Live review: Mazzy Star at the Ogden Theatre in Denver - Reverb

Mazzy Star at the Ogden Theatre, 11-10-13 (review)

Mazzy Star performed at the Ogden Theatre on Nov. 10. Photo courtesy of the band's Facebook page.

Mazzy Star performed at the Ogden Theatre on Nov. 10. Photo courtesy of the band’s Facebook page.

For 75 minutes Sunday night, I was in heaven. A show that I never thought I would have the privilege of hearing magically came together, and it was the show of my dreams. Alt-indie darlings Mazzy Star, who hadn’t toured in the U.S. since 1996, and, before a show at Coachella in 2012 hadn’t performed anywhere since 2000, played a spellbinding show at the Ogden Theatre.

It’s hard to describe a Mazzy Star show. Ethereal is one word that comes to mind. Haunting, beautiful, dark and mesmerizing are other adjectives that can be used. Singer Hope Sandoval probably has a lot of influence on the stage presentation of the band, as, much like Sandoval’s solo show at the Bluebird in 2009, Mazzy performed in near darkness, with a low-fi video background adding an ambient feel.

Each of the six members had a lit candle somewhere near their rig. In between songs, rather than talk to the audience, weird spacey sounds that were vaguely reminiscent of Pink Floyd at times played through the theater. Performing this way seems to make the music stand out more, as there are no flashy light shows to distract from the music.

Indeed, the band is probably very conscious about its stage presentation and what can distract from it. On the way into the Ogden, security loudly warned that there was no photography, including cell phones, and flyers were posted all over the walls reminding the audience not to use their phones to take photos or they would be escorted out. It was refreshing to look out on the audience and not see the bright glare of cell phones everywhere.

Though Mazzy Star released its fourth studio album in September 2013, they didn’t overplay songs from that album in their set. Indeed, the short-ish set was well balanced from among the group’s four albums. They opened with “Look on Down from the Bridge,” an alt-country tune from their third album, “Among My Swan,” on which Josh Yenne’s weepy pedal steel conveyed a weariness and aching sadness that meshed perfectly with Sandoval’s dreamy vocals.

It says something about how captivating Mazzy Star is that Roback can eschew piezo pickups when playing acoustic guitar and simply play into a microphone. As good as acoustic guitar pickups have become in the last decade, they still can’t match the warmth and tone of an acoustic guitar played into a microphone. On “Does Someone Have Your Baby Now,” Roback’s acoustic slide playing echoed with rawness and authenticity.

One of the highlights of the night was the performance of “Into Dust,” during which Roback’s simple fingerpicked acoustic guitar and Sandoval’s achingly beautiful vocals completely enchanted the packed theater; you could have heard a pin drop during the song.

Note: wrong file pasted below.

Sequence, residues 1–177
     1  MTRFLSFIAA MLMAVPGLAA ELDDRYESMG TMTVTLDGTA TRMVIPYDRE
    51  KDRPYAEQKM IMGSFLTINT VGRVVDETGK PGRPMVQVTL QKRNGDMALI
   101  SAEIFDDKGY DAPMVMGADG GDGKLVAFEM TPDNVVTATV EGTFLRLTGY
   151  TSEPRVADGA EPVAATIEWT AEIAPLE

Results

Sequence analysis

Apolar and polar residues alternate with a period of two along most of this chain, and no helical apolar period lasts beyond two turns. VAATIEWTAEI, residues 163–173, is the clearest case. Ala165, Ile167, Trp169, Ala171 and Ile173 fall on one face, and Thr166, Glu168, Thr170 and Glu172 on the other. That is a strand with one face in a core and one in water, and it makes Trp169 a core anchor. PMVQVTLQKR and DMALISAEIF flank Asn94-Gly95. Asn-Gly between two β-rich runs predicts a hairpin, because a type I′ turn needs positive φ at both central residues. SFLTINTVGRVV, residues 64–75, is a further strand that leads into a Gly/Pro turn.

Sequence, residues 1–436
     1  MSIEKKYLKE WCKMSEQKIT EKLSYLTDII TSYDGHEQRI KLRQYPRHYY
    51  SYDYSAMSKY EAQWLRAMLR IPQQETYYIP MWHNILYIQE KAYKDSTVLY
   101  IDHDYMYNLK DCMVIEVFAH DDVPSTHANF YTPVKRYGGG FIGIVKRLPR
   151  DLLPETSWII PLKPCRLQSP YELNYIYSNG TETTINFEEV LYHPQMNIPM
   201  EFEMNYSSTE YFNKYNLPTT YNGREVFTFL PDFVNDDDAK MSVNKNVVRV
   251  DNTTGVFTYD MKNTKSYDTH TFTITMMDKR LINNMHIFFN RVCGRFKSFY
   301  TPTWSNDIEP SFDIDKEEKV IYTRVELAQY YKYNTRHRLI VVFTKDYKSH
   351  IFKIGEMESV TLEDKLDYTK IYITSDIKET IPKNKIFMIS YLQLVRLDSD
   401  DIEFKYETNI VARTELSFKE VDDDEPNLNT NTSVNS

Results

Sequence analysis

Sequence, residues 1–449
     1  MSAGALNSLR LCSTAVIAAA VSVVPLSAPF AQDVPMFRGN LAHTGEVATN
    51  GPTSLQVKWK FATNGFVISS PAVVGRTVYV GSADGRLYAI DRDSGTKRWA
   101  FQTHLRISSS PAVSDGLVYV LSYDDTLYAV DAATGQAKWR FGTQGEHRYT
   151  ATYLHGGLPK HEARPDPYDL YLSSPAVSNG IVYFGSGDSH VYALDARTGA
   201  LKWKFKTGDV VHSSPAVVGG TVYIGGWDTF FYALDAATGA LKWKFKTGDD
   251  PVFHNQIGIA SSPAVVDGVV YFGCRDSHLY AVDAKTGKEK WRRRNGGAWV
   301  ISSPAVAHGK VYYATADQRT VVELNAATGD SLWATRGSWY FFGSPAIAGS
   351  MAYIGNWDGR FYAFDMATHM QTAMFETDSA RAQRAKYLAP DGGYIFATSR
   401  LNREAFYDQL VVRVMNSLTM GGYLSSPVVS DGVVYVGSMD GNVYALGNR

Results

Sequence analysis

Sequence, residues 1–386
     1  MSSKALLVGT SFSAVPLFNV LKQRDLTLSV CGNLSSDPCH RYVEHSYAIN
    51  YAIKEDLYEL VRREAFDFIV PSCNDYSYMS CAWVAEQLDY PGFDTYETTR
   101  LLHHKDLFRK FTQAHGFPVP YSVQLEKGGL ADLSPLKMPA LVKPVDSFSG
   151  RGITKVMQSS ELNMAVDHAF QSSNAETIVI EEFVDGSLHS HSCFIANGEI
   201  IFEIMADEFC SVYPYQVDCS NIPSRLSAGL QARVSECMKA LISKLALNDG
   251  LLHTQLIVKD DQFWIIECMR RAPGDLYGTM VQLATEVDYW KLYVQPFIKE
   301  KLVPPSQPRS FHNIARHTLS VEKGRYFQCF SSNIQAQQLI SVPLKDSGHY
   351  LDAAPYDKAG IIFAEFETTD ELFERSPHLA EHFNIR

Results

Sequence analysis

A spot on rendition of “Fade into You,” Mazzy’s closest approximation to a hit during its heyday in the early ’90s, received perhaps the most applause all night, but it was the encore of “So Tonight I May See” that showed Mazzy in all its trippy, psychedelic glory. Roback built swirly, fuzzy, feedback from his guitar into a fiery cacophony in between Sandoval’s spoken word verses that proved more memorable than any guitar solo could have been. As the last notes faded, Roback leaned his guitar against his amp, letting the feedback continue as the band left the stage.

Mazzy Star came back for a second encore, and Sandoval finally addressed the audience, wryly stating, “It’s bed time for you all, not us,” before playing “I’ve Been Let Down,” a jaunty song from Mazzy Star’s third album.

Hopefully, this won’t be the last go-round for Mazzy; I’m almost tempted to take a vacation and drive to Minneapolis to see them on Nov. 12, then continue to Chicago.

Denver band Shady Elders, called in on short notice when original opening acts Mariee Sioux and Entrance Band couldn’t make it, opened in fine style on a set of psychedelic indie pop. The band’s unique sound and presentation bears watching in the coming year.

Setlist
Look on Down from the Bridge, Cry Cry, In the Kingdom, Lay Myself Down, Ride it On, Does Someone Have Your Baby Now, Into Dust, She Hangs Brightly, Halah, Fade Into You, Blue Flower, Disappear, E: California, So Tonight That I Might See, E2: I’ve Been Let Down

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Candace Horgan is a Denver freelance writer/photographer and regular contributor to Reverb. When not writing and shooting, she plays guitar and violin in Denver band Black Postcards.

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  • BohemianBelle

    I hope they will have Florida on the next leg of their tour. I just bought Seasons of Your Day and I love it.

  • Dante LoPresti

    Just a tiny correction to the setlist. In the first encore, after California, they actually played Umbilical straight into a cut down version of So Tonight That I Might See. Otherwise a great review! Amazing show. One of the best things I’ll ever see. Cheers!

  • disqus_lpMAWzt1CD

    Sounds so much better than the Warfield show. What a difference a rude crowd makes.